A trip to the cinema
A film released this Friday, which you probably won’t go and see. No one can blame you as such
Afilm released this Friday, which you probably won’t go and see. No one can blame you as such. There will be few, if any, reviews of Sri Lankan filmmaker Prasanna Vithanage’s Oba Nathuwa Oba Ekka (With You, Without You).
Cinema enthusiasts have not been tweeting about it, thus not piquing your curiosity. Its faint presence in the social discussion, also called public discussion, will not be attributed to censorship (because disinterest is not censorship).
With You, Without You is made in a rather classically arty style, mining minimalism for melodrama. Its exquisite frames are all in shades of blue — who knew there were so many! It traces the self-arranged marriage of a rather recognisably surly Sinhala pawn broker and a rather predictably beautiful, helpless Tamil girl in a small Sri Lankan town. At first these two alone and lonely people become lighter — there is sex, happiness, dancing, food, relief from the unremitting, dull grey-blue solitude and the acute sense of vulnerability it brings.
A still from the film Oba Nathuwa Oba Ekka
Soon enough anxieties and baggage re-surface. “I was afraid of your love. I grew silent,” says the male protagonist. From a lover he becomes ‘man of the house’. She is confused but quietly plays her wifely role. He takes refuge in talk of practicality — scared of the things love opens up by bringing us out of the prison of fixed ideas and templates. In love, we fear that our past selves will return to shame and destroy us. We try to suppress them, relying on love to make fresh starts. But it isn’t always enough. Something like that happens between these two, rooted in Sri Lanka’s history of civil war.
This is not a film that believes that love means never having to say you are sorry but rather asks the question — is love enough to heal all wounds, personal or political, does saying sorry erase the past? Love makes us see each other as individuals but soon, our social identities, our histories, political and personal make themselves felt.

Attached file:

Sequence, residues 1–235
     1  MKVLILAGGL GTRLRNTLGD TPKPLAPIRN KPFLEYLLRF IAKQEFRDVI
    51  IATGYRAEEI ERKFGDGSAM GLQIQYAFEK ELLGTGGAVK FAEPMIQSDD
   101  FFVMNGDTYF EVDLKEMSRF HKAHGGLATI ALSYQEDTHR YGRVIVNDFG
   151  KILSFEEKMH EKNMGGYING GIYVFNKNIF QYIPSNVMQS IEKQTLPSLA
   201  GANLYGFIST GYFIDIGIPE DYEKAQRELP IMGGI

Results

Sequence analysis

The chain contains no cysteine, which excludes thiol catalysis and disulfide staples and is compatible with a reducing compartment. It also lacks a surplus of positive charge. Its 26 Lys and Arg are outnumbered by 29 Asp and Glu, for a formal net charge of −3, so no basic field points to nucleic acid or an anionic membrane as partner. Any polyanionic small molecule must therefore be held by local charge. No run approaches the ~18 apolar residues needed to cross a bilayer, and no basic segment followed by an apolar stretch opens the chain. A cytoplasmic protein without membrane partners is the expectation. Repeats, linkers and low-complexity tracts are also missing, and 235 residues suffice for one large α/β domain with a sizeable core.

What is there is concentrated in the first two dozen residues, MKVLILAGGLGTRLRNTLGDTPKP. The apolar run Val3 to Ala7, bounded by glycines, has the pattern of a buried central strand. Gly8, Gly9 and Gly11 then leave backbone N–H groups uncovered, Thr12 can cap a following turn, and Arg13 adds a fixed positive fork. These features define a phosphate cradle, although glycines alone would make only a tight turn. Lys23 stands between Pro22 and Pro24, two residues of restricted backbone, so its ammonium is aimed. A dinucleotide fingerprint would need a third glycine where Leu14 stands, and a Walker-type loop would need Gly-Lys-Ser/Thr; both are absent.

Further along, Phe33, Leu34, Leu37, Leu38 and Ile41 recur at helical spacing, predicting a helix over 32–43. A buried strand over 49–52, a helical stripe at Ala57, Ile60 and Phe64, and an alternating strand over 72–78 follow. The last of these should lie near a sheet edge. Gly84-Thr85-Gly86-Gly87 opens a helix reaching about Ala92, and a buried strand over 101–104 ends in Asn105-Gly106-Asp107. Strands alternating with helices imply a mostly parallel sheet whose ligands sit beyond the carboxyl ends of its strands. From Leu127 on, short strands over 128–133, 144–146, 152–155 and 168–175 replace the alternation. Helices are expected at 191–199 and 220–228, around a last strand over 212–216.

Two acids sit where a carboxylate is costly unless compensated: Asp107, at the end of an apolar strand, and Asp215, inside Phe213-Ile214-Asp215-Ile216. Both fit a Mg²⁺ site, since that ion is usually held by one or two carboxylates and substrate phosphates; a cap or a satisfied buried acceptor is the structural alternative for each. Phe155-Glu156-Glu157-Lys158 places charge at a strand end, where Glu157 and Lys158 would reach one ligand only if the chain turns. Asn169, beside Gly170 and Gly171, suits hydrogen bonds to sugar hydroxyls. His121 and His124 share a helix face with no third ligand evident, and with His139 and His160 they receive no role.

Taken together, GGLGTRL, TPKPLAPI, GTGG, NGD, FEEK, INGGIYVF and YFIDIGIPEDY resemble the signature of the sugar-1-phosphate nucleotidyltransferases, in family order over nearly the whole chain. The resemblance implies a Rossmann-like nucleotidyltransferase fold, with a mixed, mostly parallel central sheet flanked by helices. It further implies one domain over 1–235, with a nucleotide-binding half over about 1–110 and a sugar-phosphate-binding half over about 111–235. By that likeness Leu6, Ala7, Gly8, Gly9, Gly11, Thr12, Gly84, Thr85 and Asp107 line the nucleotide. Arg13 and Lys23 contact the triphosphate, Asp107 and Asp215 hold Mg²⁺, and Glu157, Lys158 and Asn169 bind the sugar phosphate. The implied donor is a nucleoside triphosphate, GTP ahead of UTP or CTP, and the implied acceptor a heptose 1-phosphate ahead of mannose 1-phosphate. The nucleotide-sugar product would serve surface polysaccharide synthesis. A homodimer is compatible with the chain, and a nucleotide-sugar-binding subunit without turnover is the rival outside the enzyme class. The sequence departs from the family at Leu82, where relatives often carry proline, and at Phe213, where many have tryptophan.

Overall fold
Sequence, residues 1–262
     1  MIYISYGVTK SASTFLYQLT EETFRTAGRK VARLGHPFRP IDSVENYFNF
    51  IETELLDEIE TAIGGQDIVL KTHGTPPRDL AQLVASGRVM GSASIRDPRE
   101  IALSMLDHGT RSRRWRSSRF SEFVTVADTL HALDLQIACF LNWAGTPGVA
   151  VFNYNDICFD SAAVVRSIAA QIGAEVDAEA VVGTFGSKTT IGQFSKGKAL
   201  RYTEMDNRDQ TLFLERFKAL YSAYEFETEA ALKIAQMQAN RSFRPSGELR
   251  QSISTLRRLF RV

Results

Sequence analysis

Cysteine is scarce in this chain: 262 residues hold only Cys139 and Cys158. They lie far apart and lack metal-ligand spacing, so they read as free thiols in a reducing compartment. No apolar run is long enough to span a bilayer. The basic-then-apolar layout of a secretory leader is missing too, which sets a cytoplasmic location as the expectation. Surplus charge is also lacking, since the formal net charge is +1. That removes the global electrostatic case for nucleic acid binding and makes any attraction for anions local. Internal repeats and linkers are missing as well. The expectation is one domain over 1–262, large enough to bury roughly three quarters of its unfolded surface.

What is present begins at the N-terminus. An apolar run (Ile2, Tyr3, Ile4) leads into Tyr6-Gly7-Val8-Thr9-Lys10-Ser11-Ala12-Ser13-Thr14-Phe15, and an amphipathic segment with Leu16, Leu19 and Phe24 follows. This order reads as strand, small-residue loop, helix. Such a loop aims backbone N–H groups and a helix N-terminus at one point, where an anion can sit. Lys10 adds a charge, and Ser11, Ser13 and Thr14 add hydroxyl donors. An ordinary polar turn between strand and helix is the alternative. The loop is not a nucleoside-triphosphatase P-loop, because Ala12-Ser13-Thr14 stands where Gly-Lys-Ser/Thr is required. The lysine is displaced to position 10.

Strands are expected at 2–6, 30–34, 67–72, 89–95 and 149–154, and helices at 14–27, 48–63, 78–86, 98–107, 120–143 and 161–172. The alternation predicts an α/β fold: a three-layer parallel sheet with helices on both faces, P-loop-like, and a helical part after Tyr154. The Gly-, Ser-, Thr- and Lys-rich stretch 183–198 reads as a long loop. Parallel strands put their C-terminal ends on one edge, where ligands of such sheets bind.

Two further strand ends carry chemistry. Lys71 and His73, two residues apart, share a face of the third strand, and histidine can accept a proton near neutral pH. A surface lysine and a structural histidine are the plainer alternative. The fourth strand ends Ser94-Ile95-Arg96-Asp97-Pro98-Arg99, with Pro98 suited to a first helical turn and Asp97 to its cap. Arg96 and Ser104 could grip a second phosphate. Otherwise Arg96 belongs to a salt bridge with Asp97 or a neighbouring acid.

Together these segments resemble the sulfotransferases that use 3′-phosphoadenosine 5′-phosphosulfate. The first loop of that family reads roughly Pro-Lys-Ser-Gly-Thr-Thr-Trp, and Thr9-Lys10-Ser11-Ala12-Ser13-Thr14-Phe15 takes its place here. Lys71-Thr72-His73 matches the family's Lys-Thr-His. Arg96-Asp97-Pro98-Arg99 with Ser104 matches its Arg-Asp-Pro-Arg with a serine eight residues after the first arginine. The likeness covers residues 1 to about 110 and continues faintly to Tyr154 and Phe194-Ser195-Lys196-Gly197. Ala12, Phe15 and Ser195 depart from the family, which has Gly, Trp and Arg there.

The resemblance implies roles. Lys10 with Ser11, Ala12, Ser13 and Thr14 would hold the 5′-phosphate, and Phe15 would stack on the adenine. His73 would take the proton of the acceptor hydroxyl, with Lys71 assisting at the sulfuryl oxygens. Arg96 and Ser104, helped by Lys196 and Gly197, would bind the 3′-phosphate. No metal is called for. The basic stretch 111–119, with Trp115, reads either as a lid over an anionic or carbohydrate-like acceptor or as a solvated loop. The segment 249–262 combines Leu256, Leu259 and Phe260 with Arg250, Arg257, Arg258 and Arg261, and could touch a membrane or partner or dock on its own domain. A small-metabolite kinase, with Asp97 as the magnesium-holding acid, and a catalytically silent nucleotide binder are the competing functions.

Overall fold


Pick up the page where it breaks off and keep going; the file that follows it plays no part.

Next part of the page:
The film has its shortcomings, for instance, this rather aestheticised tragic heroine, an irresistible trope for male art filmmakers it seems. Yet its achievement is how, as the story progresses, the relationship between men and women and the relationship between Sinhala and Tamil people become metaphors for each other. The way in which political and personal are same frets through the film.
Men and women know well how in relationships there are moments when they resort to gendered behaviours out of fear, or need for control, thus wounding each other. We know that such relationships are forever changed by the moment of wounding, that sense of betrayal. The film suggests it is so with history and society — violence between communities changes their relationship forever. What are the gestures that rebuild these relationships and on what terms? Do these gestures exist? Or are we trapped by history forever?
Is this film the best ever that I’ve seen? No. Is it the first to say or do something? Not that I know of. Is it the definitive film about Sri Lanka, conflict, South Asia, gender relations, sexual violence, race relations? Not really. And no, it didn’t cost R100 crores.
I don’t think any of those are good reasons to go to the cinema. I guess I’m old-fashioned that way. I do not go to films to have my mind blown each time, but to come out with something to help me to understand life and the world even a little. That has always been the purpose of art. I often wish, our society would give it back that rightful place.
Paromita Vohra is an award-winning Mumbai-based filmmaker, writer and curator working with fiction and non-fiction. Reach her at www.parodevi.com.
The views expressed in this column are the individual’s and don’t represent those of the paper.